International students are defined as all students without a permanent residence permit in Norway. There are three categories of international student:
- self-financing degree students
- exchange students
- students participating in various fellowship programmes.
Eligibility for exchange and fellowship programmes is usually determined on the basis of national and regional bilateral agreements and fulfilment of quota requirements. Participation in a number of the funding programmes is restricted to applicants from specific countries.
All international applicants must fulfil the same basic entrance requirements as Norwegian students. These requirements vary depending on the country in which the applicant has completed his or her primary and secondary education. Applicants must normally have completed upper secondary education. In addition, there are specific entry requirements for programmes in certain subjects. In some cases, non-formal competence or occupational experience may be included as qualification for entry into a study programme. Students who apply for graduate degree studies must satisfy requirements regarding previous study at university level.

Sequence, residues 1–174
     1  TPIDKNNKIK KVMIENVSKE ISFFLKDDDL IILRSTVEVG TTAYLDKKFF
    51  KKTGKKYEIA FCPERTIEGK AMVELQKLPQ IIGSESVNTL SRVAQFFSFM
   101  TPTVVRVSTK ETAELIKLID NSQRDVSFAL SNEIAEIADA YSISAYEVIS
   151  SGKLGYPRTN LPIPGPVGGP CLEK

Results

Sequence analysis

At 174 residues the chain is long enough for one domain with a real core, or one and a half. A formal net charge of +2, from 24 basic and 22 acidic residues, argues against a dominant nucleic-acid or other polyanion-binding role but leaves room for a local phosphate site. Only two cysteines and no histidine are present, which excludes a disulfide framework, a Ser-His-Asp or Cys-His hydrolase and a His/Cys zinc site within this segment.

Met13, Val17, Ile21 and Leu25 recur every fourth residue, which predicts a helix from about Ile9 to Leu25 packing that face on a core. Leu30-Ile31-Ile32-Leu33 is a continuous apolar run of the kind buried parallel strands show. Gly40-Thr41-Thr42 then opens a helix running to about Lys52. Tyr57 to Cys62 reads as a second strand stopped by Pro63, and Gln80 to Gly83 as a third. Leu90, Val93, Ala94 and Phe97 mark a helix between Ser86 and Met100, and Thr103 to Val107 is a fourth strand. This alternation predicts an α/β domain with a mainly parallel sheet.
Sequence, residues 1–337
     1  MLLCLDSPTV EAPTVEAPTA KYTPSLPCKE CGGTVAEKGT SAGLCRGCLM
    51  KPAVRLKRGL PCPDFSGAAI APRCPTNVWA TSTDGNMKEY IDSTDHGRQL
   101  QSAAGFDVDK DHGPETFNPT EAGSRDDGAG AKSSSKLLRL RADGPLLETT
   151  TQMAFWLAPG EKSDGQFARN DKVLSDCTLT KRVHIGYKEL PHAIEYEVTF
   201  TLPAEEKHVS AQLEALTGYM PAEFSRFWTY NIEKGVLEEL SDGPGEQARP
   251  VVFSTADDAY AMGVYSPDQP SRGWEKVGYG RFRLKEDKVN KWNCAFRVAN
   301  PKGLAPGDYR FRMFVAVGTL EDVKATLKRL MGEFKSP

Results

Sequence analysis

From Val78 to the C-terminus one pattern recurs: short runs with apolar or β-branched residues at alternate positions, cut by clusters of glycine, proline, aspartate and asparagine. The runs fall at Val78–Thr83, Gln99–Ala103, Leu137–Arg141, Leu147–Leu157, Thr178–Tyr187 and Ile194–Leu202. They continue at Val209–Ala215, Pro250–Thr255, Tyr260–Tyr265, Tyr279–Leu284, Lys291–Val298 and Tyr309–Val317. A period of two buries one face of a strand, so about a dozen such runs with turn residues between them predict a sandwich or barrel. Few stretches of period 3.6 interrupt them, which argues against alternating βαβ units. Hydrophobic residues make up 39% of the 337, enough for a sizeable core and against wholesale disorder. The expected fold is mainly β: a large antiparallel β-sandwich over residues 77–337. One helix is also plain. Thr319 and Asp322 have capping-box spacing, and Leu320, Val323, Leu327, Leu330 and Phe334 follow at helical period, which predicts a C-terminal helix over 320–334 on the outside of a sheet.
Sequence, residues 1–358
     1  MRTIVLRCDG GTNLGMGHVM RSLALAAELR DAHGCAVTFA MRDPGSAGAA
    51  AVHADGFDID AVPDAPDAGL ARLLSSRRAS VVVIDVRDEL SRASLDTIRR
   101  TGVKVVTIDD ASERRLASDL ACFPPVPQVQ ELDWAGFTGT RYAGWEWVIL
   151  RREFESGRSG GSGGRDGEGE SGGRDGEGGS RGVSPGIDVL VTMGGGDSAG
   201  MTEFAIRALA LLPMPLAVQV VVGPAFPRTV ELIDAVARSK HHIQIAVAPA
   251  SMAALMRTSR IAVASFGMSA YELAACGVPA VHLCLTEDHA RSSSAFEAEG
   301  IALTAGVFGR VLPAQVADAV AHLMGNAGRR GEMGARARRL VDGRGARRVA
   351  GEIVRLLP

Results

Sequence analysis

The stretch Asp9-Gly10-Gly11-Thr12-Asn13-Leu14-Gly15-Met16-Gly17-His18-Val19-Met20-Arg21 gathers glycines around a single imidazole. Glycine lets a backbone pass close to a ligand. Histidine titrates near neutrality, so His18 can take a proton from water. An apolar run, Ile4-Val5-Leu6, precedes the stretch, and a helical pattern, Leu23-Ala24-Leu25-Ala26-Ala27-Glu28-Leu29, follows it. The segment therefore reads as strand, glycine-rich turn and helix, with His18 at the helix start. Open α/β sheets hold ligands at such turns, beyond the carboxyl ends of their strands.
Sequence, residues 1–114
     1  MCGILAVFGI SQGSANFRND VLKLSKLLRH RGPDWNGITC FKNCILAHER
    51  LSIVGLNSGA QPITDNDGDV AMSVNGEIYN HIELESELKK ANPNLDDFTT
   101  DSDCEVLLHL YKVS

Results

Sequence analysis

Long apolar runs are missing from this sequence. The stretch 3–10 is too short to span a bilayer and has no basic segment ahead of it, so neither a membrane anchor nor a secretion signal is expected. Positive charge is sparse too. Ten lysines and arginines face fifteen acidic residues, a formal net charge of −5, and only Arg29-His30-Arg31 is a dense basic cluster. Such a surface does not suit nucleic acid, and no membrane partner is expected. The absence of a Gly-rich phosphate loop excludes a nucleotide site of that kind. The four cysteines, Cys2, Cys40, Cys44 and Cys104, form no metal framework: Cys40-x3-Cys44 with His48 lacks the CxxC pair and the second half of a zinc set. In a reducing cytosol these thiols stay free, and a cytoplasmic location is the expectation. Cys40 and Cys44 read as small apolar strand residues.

A new degree structure, adopted from the Bologna Process, has been introduced into the Norwegian higher education sector. Norwegian universities and university colleges now issue the following degrees:
- Bachelor's degree (three years),
- Master's degree (two years),
- Ph.D. (three years).
In a few subject areas, students will enrol for a five-year integrated degree course (Master's degree). Certain specialized programmes, such as medicine, veterinary science, psychology and theology follow a different degree structure that extends over four to six years.
A good command of English is required of all students attending Norwegian institutions of higher education. International students who are not native speakers of English must document their English-language proficiency. International students accepted for bachelor's degree studies must complete a preparatory programme in Norwegian language before they begin a study programme, unless they can document a good command of the Norwegian language. The Norwegian language programme includes Norwegian language courses and a course in Norwegian life and society, and normally takes two semesters to complete.
There are no tuition fees at Norwegian higher education institutions, although fees may be imposed for certain professional education programmes, further and special education programmes and study at some of the private institutions. Cost of living grants are only awarded to international students accepted for selected fellowship programmes. Self-financing students must document that they possess a minimum of NOK 80,000 (approx EUR 10,000) per academic year.
The following types of foreign nationals are eligible for student loans and stipends:
- Nordic nationals
- Citizens of EEA countries
- Citizens of Central and Eastern European countries as well as developing countries
- Political refugees and persons granted residency on humanitarian grounds